President Barack Obama’s approval rating dipped to an all-time low in Gallup’s daily tracking poll Sunday – a day before his three-day bus tour of the Midwest begins.
Sunday’s Gallup data showed that only 39 percent of Americans approved of Obama’s performance, the lowest in the daily tracking poll that calculates a three-day rolling average. Another 54 percent conveyed their disapproval.
Obama’s job rating has hovered in the 40 percent range for much of 2011, peaking at 53 percent in the weeks following the death of Osama bin Laden in Pakistan. But it has now sunk below 40 percent for the first time, The Los Angeles Times noted.
“But Americans’ view of his job performance continued to tick downward as the debt-ceiling debate heated up. By the time he signed legislation averting a federal default, he was mired in the low-40% range,” it said.
The wave of anti-incumbency sentiments is also being attributed to “a daily bashing from the slew of Republicans campaigning for his job,” according to CBS News. A “deeply unsettled political landscape” is framing the 2012 presidential race with voters in a “fiercely anti-incumbent mood” 15 months before the presidential election.
President Obama, however, seems to suggest that he has time to deal with anti-incumbency. “We’ve still got a long way to go to get to where we need to be,” The Associated Press quoted Obama as saying over the weekend. “We didn’t get into this mess overnight, and it’s going to take time to get out of it.”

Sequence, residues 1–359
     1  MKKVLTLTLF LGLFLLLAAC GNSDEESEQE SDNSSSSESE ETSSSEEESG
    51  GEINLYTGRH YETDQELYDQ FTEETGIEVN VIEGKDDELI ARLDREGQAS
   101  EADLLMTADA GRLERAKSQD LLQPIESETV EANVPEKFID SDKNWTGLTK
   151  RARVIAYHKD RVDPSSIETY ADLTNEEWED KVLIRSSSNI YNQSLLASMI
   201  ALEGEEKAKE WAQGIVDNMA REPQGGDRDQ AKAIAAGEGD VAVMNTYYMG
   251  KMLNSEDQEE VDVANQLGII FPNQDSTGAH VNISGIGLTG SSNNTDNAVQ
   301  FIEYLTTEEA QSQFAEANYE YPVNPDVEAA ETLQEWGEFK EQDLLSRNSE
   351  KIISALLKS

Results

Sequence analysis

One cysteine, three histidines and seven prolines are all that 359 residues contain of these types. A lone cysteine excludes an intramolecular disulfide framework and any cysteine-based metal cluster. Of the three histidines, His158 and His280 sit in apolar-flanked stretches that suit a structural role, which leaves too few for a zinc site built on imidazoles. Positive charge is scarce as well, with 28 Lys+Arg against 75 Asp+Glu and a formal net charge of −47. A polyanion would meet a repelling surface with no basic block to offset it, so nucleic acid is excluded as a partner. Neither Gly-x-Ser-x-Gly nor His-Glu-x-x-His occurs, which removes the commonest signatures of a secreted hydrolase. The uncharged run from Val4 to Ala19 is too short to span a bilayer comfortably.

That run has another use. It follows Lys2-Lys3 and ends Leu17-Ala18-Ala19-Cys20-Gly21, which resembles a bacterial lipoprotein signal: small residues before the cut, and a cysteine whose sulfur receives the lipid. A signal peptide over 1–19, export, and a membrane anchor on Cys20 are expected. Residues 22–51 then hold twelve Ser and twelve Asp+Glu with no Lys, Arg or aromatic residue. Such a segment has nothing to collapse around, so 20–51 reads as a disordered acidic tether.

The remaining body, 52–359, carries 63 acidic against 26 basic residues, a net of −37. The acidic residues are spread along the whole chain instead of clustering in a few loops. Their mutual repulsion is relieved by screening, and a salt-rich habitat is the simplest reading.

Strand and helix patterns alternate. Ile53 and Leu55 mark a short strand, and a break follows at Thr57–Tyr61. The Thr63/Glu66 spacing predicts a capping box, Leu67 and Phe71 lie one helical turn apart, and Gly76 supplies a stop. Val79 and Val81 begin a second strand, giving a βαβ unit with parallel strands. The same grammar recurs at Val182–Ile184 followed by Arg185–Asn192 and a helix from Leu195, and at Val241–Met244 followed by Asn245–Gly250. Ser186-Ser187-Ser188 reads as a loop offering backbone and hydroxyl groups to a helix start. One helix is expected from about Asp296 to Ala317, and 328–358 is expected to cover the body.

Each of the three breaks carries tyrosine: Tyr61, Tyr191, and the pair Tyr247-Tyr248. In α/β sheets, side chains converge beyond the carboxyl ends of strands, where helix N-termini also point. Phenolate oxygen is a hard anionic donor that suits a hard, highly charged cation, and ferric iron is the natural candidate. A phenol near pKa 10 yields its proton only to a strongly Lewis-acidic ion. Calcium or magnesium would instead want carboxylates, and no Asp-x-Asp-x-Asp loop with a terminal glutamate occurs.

Obama also blamed it on partisanship last week. “What we’ve seen in Washington the last few months has been the worst kind of partisanship, the worst kind of gridlock – and that gridlock has undermined public confidence and impeded our efforts to take the steps we need for our economy,” he was quoted as saying in Michigan. “It’s made things worse instead of better.’’
While the White House denied that the tour was politically motivated, Fox News said President Obama would try to address the concerns among voters and “sustain his resurrected fighting spirit” as he kicks off the bus tour of Minnesota, Iowa and Illinois Monday. “The trip is timed to dilute the buzz emanating from the Midwest after Republicans gathered in Iowa over the weekend for a first test of the party’s White House candidates. The state holds the nation’s first nominating test in the long road toward choosing Obama’s opponent.”
The three-day tracking poll was conducted by telephonic interviews with approximately 1,500 national adults from Aug. 11-13. The margin of error is plus or minus 3 percentage points, according to Gallup.